• Personality deterioration, mood and anxiety disorders, suicidal behaviour, pathological jealousy, and alcoholic hallucinosis.
• Delirium tremens is a high mortality condition seen in chronic alcoholics who withdraw leading to a rapid chaining picture of disordered mental activity, clouding consciousness, disorientation, severe agitation which lasts for around 3-4 days.
• Social damage
• Family problems, divorce, abandoned children, battered wives, affected children.
• Difficulty in working, problems with coworkers.
• Risk of road accidents, crime.
• Brief intervention - this including education and awareness about alcohol misuse and its consequences.
• Motivational interviewing
• Support and advice
• Withdraw alcohol (controlled drinking)
• High-intensity psychological treatments
• Alcoholics anonymous
• Medication (disulfurum, acamprosate)
1. Harrison, P. Shorter Oxford textbook of psychiatry (6th ed., pp. 444-463)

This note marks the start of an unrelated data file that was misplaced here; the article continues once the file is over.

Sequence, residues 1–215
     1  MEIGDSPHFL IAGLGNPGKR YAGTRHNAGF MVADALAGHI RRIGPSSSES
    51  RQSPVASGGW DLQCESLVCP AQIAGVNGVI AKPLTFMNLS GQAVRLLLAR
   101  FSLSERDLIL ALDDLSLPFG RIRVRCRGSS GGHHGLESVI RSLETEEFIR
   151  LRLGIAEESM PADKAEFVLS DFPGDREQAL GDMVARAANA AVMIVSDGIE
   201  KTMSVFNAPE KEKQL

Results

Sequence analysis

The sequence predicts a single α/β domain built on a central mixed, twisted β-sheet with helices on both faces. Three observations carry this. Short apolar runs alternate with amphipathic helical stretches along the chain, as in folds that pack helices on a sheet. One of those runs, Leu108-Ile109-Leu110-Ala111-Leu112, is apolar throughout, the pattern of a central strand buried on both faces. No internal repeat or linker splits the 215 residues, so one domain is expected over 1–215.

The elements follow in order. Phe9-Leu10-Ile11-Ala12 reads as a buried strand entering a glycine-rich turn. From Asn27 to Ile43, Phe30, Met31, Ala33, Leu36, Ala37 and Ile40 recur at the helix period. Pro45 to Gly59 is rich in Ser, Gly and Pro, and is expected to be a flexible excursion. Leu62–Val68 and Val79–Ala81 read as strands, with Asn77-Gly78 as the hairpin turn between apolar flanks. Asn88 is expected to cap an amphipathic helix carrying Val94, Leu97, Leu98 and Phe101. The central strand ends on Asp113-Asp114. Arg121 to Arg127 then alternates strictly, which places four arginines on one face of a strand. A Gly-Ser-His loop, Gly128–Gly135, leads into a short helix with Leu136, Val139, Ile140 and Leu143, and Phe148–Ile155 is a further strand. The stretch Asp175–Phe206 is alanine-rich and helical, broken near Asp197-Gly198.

Health Risks Of Problematic To Dependent Alcohol Consumption
Alcohol consumption is an important risk factor for many health-related problems and is a major contributor to the burden of disease globally.
Understanding the health risks associated with problem drinking, identifying a problem drinker, and early management can save millions, if not billions of dollars in taxpayer money and can most importantly save lives.
Alcohol-Related Health Risks
The alcohol-related health risks are divided into 3 categories;
• Physical health problems
• Psychological health problems
• Social health problems
A person suffering from alcohol-related health problems may or may not be alcohol dependent. Alcohol consumption, even slightly above average can lead to dire health consequences depending on other co-morbidities of the individual.